What is The American National Anthem: Full Lyrics, History and Other Patriotic Songs
|"The Star-Spangled Banner" - Full Lyrics of US National Anthem|
"The Star-Spangled Banner" is the national anthem of the United States.
The lyrics come from the "Defence of Fort M'Henry", a poem written on September 14, 1814, by 35-year-old lawyer and amateur poet Francis Scott Key after witnessing the bombardment of Fort McHenry by British ships of the Royal Navy in Baltimore Harbor during the Battle of Baltimore in the War of 1812. Key was inspired by the large U.S. flag, with 15 stars and 15 stripes, known as the Star-Spangled Banner, flying triumphantly above the fort during the U.S. victory.
The poem was set to the tune of a popular British song written by John Stafford Smith for the Anacreontic Society, a men's social club in London. "To Anacreon in Heaven" (or "The Anacreontic Song"), with various lyrics, was already popular in the United States. This setting, renamed "The Star-Spangled Banner", soon became a well-known U.S. patriotic song. With a range of 19 semitones, it is known for being very difficult to sing. Although the poem has four stanzas, only the first is commonly sung today.
"The Star-Spangled Banner" was recognized for official use by the United States Navy in 1889, and by U.S. president Woodrow Wilson in 1916, and was made the national anthem by a congressional resolution on March 3, 1931 (46 Stat. 1508, codified at 36 U.S.C. § 301), which was signed by President Herbert Hoover.
Full lyrics of "The Star-Spangled Banner" - US National Anthem
O say can you see, by the dawn's early light,
What so proudly we hailed at the twilight's last gleaming,
Whose broad stripes and bright stars through the perilous fight,
O'er the ramparts we watched, were so gallantly streaming?
And the rocket's red glare, the bombs bursting in air,
Gave proof through the night that our flag was still there;
O say does that star-spangled banner yet wave
O'er the land of the free and the home of the brave?
On the shore dimly seen through the mists of the deep,
Where the foe's haughty host in dread silence reposes,
What is that which the breeze, o'er the towering steep,
As it fitfully blows, half conceals, half discloses?
Now it catches the gleam of the morning's first beam,
In full glory reflected now shines in the stream:
'Tis the star-spangled banner, O long may it wave
O'er the land of the free and the home of the brave.
And where is that band who so vauntingly swore
That the havoc of war and the battle's confusion,
A home and a country, should leave us no more?
Their blood has washed out their foul footsteps' pollution.
No refuge could save the hireling and slave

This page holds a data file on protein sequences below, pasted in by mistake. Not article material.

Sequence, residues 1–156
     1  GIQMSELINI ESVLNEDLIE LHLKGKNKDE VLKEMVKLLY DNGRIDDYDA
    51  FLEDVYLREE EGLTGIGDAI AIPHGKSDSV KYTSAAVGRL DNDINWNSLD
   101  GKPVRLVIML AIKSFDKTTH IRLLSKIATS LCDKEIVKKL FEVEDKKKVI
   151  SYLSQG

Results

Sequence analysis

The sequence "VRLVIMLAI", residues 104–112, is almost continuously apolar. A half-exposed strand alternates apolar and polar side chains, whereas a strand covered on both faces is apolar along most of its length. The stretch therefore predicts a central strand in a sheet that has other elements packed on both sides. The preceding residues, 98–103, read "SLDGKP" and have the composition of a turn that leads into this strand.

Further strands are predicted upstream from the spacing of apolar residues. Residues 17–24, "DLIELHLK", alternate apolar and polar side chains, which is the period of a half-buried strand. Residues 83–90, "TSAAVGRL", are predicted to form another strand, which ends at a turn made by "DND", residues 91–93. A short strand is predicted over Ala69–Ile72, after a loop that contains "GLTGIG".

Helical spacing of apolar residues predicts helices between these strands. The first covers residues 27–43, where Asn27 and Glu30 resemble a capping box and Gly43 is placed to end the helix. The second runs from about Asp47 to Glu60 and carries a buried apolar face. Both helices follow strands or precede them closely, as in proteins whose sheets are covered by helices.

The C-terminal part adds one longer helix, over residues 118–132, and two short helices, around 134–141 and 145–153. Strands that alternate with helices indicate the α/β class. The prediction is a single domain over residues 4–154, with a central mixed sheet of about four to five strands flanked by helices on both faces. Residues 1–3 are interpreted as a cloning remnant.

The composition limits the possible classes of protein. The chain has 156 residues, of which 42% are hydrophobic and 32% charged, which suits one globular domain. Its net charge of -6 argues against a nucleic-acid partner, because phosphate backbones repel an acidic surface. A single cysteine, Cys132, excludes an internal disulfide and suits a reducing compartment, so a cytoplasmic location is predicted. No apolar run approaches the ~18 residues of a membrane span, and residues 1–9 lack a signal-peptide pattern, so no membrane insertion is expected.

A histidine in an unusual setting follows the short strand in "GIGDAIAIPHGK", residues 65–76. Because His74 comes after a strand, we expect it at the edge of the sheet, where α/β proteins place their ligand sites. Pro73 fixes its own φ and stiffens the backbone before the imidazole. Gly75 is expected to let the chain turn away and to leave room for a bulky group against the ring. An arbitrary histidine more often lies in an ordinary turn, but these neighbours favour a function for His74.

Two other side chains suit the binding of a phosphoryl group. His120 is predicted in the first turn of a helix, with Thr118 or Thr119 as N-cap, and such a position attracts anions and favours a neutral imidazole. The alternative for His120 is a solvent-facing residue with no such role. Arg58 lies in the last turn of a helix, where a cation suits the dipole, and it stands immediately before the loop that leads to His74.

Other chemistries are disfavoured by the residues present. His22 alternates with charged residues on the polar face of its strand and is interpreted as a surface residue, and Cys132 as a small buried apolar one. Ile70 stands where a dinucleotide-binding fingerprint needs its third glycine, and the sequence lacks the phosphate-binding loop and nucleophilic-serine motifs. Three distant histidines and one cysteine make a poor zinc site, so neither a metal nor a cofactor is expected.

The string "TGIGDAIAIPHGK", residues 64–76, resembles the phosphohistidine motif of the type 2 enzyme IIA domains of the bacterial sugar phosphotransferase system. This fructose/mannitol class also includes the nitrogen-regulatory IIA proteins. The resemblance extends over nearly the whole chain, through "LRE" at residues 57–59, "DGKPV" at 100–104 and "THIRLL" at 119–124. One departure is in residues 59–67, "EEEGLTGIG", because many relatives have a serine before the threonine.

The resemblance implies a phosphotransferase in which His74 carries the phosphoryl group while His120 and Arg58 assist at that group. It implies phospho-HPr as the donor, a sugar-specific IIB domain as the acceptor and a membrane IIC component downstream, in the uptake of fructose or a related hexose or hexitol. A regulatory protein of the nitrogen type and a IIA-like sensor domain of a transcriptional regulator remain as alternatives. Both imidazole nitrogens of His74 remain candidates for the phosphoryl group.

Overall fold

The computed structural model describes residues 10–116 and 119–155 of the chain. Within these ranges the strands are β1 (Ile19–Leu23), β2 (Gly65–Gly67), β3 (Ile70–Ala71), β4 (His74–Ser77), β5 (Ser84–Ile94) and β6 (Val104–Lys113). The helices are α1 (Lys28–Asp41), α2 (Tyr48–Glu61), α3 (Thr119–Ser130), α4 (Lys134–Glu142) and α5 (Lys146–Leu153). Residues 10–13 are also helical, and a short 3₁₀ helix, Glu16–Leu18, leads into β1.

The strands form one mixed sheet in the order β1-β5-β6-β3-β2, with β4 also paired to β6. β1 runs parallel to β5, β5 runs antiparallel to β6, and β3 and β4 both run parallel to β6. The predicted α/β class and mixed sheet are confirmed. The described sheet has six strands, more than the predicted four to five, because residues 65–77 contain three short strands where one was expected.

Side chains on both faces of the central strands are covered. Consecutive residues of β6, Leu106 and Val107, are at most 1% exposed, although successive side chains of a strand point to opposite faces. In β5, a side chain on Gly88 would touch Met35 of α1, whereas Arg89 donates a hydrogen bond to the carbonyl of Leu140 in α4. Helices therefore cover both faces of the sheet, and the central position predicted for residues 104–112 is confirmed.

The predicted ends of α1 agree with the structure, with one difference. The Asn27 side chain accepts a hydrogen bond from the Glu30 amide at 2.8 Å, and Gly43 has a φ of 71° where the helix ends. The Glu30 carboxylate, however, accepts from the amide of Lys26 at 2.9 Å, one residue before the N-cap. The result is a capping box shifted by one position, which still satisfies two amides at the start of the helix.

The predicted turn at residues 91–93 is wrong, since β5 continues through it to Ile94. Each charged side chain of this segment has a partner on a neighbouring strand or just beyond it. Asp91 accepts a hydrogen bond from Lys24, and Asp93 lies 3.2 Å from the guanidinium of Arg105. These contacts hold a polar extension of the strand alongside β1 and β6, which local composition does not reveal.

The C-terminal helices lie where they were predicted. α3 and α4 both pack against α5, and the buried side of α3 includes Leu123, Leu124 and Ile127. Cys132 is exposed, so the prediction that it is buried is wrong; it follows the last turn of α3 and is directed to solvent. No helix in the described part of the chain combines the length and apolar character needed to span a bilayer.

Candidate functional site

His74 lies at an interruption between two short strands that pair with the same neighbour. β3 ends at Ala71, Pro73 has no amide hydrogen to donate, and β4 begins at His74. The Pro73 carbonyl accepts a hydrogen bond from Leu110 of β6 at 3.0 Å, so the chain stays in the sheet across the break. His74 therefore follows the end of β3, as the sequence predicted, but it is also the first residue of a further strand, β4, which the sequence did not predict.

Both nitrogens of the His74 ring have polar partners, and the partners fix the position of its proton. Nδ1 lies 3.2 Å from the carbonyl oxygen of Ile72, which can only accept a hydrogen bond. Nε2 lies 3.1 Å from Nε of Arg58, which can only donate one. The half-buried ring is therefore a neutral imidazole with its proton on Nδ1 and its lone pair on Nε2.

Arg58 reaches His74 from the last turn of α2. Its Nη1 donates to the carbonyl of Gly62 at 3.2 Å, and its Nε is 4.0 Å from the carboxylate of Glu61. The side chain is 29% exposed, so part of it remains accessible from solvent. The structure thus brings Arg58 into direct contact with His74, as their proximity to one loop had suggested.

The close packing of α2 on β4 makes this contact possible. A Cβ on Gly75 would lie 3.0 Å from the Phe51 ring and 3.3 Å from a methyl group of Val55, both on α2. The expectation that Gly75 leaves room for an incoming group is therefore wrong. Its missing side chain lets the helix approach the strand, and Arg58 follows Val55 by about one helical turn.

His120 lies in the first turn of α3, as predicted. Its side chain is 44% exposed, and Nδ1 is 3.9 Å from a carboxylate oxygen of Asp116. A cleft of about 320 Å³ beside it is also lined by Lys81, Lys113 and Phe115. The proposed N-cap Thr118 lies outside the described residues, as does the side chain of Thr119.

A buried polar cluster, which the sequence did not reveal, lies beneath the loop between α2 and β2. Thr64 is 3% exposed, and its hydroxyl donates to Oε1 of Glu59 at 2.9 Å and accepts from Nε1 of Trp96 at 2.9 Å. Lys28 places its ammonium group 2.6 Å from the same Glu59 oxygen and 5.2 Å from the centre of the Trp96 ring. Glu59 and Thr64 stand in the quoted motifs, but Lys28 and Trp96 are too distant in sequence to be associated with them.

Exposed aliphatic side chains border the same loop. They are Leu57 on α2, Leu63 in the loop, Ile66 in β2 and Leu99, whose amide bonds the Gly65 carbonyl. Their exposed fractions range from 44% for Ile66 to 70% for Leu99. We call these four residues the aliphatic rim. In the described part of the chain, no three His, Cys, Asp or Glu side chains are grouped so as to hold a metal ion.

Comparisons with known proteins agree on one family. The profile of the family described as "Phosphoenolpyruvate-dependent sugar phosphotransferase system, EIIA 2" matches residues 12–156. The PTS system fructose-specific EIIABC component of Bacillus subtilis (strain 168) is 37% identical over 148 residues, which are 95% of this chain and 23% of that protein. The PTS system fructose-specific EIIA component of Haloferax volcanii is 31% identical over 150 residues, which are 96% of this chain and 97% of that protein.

From the terror of flight, or the gloom of the grave:
And the star-spangled banner in triumph doth wave,
O'er the land of the free and the home of the brave.
O thus be it ever, when freemen shall stand
Between their loved homes and the war's desolation.
Blest with vict'ry and peace, may the Heav'n rescued land
Praise the Power that hath made and preserved us a nation!
Then conquer we must, when our cause it is just,
And this be our motto: 'In God is our trust.'
And the star-spangled banner in triumph shall wave
O'er the land of the free and the home of the brave!
The lyrics video of "The Star-Spangled Banner" - US National Anthem below
Francis Scott Key's lyrics of "The Star-Spangled Banner"
On September 3, 1814, following the Burning of Washington and the Raid on Alexandria, Francis Scott Key and John Stuart Skinner set sail from Baltimore aboard the ship HMS Minden, a cartel ship flying a flag of truce on a mission approved by President James Madison. Their objective was to secure an exchange of prisoners, one of whom was William Beanes, the elderly and popular town physician of Upper Marlboro and a friend of Key who had been captured in his home. Beanes was accused of aiding the arrest of British soldiers. Key and Skinner boarded the British flagship HMS Tonnant on September 7 and spoke with Major General Robert Ross and Vice Admiral Alexander Cochrane over dinner while the two officers discussed war plans. At first, Ross and Cochrane refused to release Beanes but relented after Key and Skinner showed them letters written by wounded British prisoners praising Beanes and other Americans for their kind treatment.
Because Key and Skinner had heard details of the plans for the attack on Baltimore, they were held captive until after the battle, first aboard HMS Surprise and later back on HMS Minden. After the bombardment, certain British gunboats attempted to slip past the fort and effect a landing in a cove to the west of it, but they were turned away by fire from nearby Fort Covington, the city's last line of defense.
During the rainy night, Key had witnessed the bombardment and observed that the fort's smaller "storm flag" continued to fly, but once the shell and Congreve rocket barrage had stopped, he would not know how the battle had turned out until dawn. On the morning of September 14, the storm flag had been lowered and the larger flag had been raised.
During the bombardment, HMS Terror and HMS Meteor provided some of the "bombs bursting in air".
Key was inspired by the U.S. victory and the sight of the large U.S. flag flying triumphantly above the fort. This flag, with fifteen stars and fifteen stripes, had been made by Mary Young Pickersgill together with other workers in her home on Baltimore's Pratt Street. The flag later came to be known as the Star-Spangled Banner, and is today on display in the National Museum of American History, a treasure of the Smithsonian Institution. It was restored in 1914 by Amelia Fowler, and again in 1998 as part of an ongoing conservation program.
Aboard the ship the next day, Key wrote a poem on the back of a letter he had kept in his pocket. At twilight on September 16, he and Skinner were released in Baltimore. He completed the poem at the Indian Queen Hotel, where he was staying, and titled it "Defence of Fort M'Henry". It was first published nationally in The Analectic Magazine.